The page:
American Dream to remain a fantasy Montgomery County executive ends plans for Silver Spring mall

November 13, 1996|By Peter Jensen | Peter Jensen,SUN STAFF

ROCKVILLE -- Montgomery County Executive Douglas M. Duncan announced yesterday that he has terminated an agreement with a Canadian developer to build American Dream, a sprawling $585 million retail and entertainment complex in Silver Spring.

Duncan said his decision was based on the uncertainties surrounding the project's finances. Triple Five Development's executives failed to produce "concrete evidence" of private investors willing to put their money into a project, he said.

But even if the developer could document private backing, he said, the project relied too much on taxpayer support -- up to half its cost, or about $250 million to $300 million.

"The public should not have to accept an inordinate share of the risk in this, or any venture of this sort," Duncan said. "They want the taxpayers of Montgomery County and the state of Maryland to put up too much money."

The decision all but kills the ambitious urban renewal project. Triple Five wanted to convert a four-block area of vacant lots and empty storefronts into a megamall covering the equivalent of 21 football fields with attractions such as an indoor wave pool, luxury hotel, and ice rink amid clusters of retail stores and restaurants.

Triple Five is the company that pioneered the megamall -- the zTC Mall of America in Bloomington, Minn., and West Edmonton Mall in Canada, which hold respective titles as the largest in the United States and the world.

Representatives of Triple Five yesterday refused to declare the project dead. But they said unless Duncan endorsed greater public support for the megamall, they would seek to build it elsewhere in the Wash ington area. The officials refused to specify where else they might locate.

"We are stunned to learn the Montgomery County executive has chosen to reject our proposal for revitalizing Silver Spring," said Martin Walrath, project director for Triple Five. "We don't understand his reasons."

Walrath accused Duncan of lacking the "political will" to pursue state funding in Annapolis. He said Baltimore's state legislators have expressed greater support for the project than many of their counterparts in Montgomery County.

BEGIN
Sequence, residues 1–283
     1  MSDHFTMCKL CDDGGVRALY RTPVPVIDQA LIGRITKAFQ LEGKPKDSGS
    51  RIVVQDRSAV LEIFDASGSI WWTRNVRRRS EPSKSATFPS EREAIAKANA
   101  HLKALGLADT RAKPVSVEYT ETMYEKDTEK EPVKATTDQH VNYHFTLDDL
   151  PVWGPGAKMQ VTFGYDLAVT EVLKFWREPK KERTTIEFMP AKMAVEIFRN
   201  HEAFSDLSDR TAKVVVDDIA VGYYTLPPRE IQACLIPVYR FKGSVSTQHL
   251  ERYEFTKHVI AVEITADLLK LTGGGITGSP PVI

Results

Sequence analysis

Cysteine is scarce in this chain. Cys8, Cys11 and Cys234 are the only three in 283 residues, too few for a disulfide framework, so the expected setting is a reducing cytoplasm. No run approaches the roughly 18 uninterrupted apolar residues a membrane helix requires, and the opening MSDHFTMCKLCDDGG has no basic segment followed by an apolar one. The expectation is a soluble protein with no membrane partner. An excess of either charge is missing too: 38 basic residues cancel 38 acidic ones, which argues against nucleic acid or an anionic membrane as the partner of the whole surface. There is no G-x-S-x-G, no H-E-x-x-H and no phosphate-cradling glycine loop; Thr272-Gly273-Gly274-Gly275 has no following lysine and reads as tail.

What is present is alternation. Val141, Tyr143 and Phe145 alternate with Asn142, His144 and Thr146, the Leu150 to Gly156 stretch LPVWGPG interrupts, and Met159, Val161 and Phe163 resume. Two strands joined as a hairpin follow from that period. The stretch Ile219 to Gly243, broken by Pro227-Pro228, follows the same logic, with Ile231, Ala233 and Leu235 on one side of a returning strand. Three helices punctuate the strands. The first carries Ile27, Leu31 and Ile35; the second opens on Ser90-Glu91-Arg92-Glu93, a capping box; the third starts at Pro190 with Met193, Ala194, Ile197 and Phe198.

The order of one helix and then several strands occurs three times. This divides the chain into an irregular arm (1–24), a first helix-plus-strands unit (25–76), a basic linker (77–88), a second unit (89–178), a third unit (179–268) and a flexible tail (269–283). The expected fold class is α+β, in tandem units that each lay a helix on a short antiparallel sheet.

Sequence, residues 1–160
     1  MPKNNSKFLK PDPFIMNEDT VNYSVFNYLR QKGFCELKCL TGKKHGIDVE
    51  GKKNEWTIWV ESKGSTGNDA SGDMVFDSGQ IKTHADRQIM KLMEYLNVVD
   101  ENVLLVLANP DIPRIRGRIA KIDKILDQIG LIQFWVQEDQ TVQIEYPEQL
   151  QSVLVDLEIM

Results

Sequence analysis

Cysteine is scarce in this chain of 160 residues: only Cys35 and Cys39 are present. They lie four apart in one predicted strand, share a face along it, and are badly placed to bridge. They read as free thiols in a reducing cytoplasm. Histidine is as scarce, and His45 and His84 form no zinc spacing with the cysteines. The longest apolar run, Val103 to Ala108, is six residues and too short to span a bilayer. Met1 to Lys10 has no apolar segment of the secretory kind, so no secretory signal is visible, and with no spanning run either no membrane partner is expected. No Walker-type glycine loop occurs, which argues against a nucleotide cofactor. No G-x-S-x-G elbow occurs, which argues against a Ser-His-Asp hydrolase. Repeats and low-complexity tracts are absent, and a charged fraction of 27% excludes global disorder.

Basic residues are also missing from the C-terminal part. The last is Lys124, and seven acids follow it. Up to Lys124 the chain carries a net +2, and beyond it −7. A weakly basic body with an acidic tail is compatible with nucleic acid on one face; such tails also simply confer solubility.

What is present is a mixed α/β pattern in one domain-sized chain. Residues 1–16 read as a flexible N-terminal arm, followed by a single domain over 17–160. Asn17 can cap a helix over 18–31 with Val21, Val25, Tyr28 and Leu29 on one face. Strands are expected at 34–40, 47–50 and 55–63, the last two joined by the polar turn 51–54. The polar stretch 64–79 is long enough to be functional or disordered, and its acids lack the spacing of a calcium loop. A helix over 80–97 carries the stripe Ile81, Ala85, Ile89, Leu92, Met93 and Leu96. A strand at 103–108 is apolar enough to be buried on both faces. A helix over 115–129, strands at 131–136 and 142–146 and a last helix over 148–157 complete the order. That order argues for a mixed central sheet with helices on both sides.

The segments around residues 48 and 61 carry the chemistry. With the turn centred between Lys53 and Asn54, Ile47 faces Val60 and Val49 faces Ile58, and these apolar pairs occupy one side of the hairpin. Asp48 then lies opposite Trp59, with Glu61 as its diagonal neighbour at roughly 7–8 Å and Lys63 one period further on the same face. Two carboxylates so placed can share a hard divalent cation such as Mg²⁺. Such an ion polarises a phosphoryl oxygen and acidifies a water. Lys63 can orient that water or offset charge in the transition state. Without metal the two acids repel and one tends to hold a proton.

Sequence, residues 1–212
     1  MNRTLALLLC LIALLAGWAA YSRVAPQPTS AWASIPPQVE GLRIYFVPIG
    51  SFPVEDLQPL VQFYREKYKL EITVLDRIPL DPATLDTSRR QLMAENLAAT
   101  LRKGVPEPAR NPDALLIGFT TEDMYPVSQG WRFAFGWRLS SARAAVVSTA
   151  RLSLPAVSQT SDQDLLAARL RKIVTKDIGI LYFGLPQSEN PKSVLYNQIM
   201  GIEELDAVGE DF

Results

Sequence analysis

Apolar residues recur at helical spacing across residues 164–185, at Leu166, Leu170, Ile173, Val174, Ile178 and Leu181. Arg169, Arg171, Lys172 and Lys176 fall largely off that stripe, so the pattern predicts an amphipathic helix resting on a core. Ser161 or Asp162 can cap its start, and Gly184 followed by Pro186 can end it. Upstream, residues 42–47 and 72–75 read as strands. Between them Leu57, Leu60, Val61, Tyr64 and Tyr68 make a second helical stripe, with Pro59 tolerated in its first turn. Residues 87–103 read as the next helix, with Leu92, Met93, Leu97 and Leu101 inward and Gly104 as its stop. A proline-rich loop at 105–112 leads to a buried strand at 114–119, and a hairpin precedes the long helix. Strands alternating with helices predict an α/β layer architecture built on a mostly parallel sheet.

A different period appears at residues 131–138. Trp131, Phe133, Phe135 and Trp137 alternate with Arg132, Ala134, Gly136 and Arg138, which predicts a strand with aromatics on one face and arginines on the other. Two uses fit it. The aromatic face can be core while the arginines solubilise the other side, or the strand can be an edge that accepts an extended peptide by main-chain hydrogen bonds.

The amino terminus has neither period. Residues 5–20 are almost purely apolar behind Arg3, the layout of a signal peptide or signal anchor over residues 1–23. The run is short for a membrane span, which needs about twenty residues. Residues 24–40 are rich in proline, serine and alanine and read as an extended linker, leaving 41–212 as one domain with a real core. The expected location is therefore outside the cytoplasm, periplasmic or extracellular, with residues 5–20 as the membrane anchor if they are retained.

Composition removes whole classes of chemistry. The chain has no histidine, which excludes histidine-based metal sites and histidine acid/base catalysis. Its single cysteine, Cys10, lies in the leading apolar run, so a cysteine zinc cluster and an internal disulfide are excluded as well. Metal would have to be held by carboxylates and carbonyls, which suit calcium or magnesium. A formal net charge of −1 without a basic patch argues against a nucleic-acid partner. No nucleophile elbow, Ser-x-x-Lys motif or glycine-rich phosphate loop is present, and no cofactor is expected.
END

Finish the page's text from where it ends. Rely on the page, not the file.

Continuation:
"The state has a tremendous amount of interest in this," he said.

Duncan, however, said he was uncomfortable with launching a "major floor fight" in Annapolis with so little certainty over the project's private finances. And, he said, he feared going after too much state support for a mall would cost Montgomery County some of its vital road and education funding.

Nevertheless, the county executive said he was willing to support up to $150 million in public investment for the project. That would have included $50 million in state money to upgrade infrastructure and $21.5 million in state enterprise zone tax credits.

Silver Spring's deteriorating downtown has been a vexing problem for the prosperous county. American Dream is the third large-scale development effort aimed at reviving the suburb's commercial center over the past 10 years.

The megamall's opponents said yesterday they were pleased with Duncan's decision but recognized that their objections probably played little role in the decision. They had attacked the project for its potentially negative impact on traffic, crime and the environment of the middle-class community.

"I hope everyone has learned that bigger isn't necessarily better," said Roberta Faul-Zeitler, president of Citizens for Sensible Development, an anti-mall group with 4,000 members. "Something that is high-risk and untested isn't necessarily the solution for Silver Spring."

The mall's supporters expressed deep disappointment with the decision. The developer had estimated that the huge project might have pumped $1 billion into the community's economy and created thousands of jobs.

"I'm just astonished," said Steve Silverman, president of the Greater Silver Spring Chamber of Commerce. "He's made a premature decision. He's not left Silver Spring in a position to go out and find alternatives."

Silverman said he also is concerned that Duncan's decision might perpetuate the business community's image of Montgomery County as unfriendly to developers.

Duncan said he will seek other developers who have submitted proposals to redevelop downtown Silver Spring.

Pub Date: 11/13/96

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